Interesting too was the opening night audience’s reaction. It’s not the type of show you can simply set down or shake off at the curtain call. Sarah’s and Lane’s introductory note in the program makes reference to the show’s “weight” three times in a single paragraph. And the show is heavy, it’s dark, and it’s dense. Yet at the end of the show the crowd was almost exactly evenly split between thoughtful, seated applause and a rousing standing ovation. The mark of a great work…well, one of the marks of a great work…is that it is going to land differently with different audiences. We all saw the same show, we all come from the same general “I love OtB and contemporary performance” perspective, yet half of us reacted so differently from the other half of us; handled the weight of it so differently.


    I am unfortunately highly allergic to post-show question and answer sessions, but the chance to hear Anne speak about her work on Saturday (at the Children’s Theater) and contextualize the performance and the style would be a great counterpart to the show itself. You should go to both.

    posted by sara @ 2:33 am | Permanent link

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    By Bret Fetzer

    First there is the text, then there is the treatment of the text.

    Anne Bogart, in her notes, wants to relate Death and the Ploughman to the Renaissance, but it’s smack in the medieval theatrical tradition, what with the personification of Death and not much plot, just an extensive debate---the philosophical content is more nuanced, at points, than most Mystery or Morality Plays, but not a radical departure. A ploughman who has just lost his wife curses death; Death takes umbrage and, through various rhetorical approaches (some quite elegant and lyrical), tries to persuade the ploughman that his fury is misdirected. The ploughman petulantly rebuffs each riposte, holding his personal pain to be more significant than the workings of nature. The ploughman makes some jumbled and not wholly coherent arguments that, somehow, cause Death to lose his temper---it’s not entirely clear if we’re meant to agree with the ploughman, though certainly the author (Johannes von Saaz, who wrote the play in response to losing his wife) identifies with him emotionally. God finally intervenes, puts both parties in their place but also gives each point of view some credit, and the play concludes with a lengthy prayer by the ploughman. Death’s arguments are particularly intriguing---the ploughman’s repeated “I hurt” grows a bit tiresome---but as dramatic material...well, though we’re dealing with tempestuous emotions, there’s really no suspense, as Death is, you know, Death, and the wife is not going to come back. The prayer achieves a wee bit of poignance, but despite histrionics from the actors, the narrative is a bit cold.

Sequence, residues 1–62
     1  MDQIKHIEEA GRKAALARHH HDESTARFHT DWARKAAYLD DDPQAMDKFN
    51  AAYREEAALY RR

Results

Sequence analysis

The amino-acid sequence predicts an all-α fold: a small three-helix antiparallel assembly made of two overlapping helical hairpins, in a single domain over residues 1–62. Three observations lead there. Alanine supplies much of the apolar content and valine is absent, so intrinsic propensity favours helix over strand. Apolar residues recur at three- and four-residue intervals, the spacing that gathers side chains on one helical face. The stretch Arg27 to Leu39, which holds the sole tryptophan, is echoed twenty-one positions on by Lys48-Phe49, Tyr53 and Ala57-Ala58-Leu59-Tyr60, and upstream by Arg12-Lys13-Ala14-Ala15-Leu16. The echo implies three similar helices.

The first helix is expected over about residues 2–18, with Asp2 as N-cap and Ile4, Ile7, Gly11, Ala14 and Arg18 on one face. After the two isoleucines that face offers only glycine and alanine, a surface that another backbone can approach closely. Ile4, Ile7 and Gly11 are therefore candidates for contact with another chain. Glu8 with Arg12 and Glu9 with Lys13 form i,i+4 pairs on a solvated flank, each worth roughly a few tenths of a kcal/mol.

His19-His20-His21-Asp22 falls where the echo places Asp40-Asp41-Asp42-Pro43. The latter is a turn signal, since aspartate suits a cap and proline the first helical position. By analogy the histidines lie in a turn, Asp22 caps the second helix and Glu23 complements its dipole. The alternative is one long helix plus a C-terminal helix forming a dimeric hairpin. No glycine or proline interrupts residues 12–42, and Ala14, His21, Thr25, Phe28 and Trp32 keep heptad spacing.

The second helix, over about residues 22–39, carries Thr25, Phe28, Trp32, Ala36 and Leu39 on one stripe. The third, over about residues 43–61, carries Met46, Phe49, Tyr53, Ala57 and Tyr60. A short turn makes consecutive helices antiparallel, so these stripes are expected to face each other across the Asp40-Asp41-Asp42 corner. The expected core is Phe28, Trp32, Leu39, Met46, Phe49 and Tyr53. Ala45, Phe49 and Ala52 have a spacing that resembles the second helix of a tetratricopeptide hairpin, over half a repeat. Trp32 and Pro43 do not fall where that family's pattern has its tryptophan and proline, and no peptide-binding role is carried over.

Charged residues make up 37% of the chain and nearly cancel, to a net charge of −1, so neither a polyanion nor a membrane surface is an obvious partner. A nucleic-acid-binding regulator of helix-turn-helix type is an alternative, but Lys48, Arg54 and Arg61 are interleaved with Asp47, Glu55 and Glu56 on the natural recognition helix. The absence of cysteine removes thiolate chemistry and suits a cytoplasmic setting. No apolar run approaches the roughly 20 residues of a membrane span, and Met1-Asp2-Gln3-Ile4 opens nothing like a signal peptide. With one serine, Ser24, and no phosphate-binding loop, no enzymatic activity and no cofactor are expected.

Anne Bogart’s stylizations, regrettably, exacerbate this coldness. The set is a white square, a backdrop depicting some Gothic arches, some black metal benches, and a black briefcase. The curtains are gone; the rest of the stage is bare and black. Death wears a black suit with a black bowler hat and a black umbrella; the ploughman wears dun clothing suited to a manual laborer; a woman, who is partly the ploughman’s wife, partly Death, and partly God, wears a white dress. Their movement is not natural, but you couldn’t exactly call it dance---though it’s certainly choreographed to the nth degree. There are a few moments of physical spectacle that I much appreciated, but most of it is expressive in an unspecific, not-very-expressive sort of way. What it largely serves to do---along with the background music, which ranges from a mosquito-like buzzing to snippets of Nino Rota and movie soundtracks---is to squelch any sense of immediacy or spontaneity from the performance. This isn’t so much of a problem for the actor playing Death; in fact, his cool, sly, implacable tone suits the staging well and he comes across both engaging and often funny. The the actor playing the ploughman, who is meant to be tormented with grief, really has to work at it, and his most fervent efforts don’t get very far.

    Now, were I myself Christian, I might have found the ploughman’s arguments---many of which depend upon faith in God---more involving, and the debate might have seemed less one-sided. But as I view Christianity much the same way I view Communism (beautiful in theory, brutal in practice), the ploughman’s point of view felt more and more foolish and blinkered as the play progressed, particularly in light of Death’s rather lucid points.

    Despite the skill and commitment that went into this production, it was lifeless.

    posted by sara @ 12:17 am | Permanent link

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Wednesday, June 15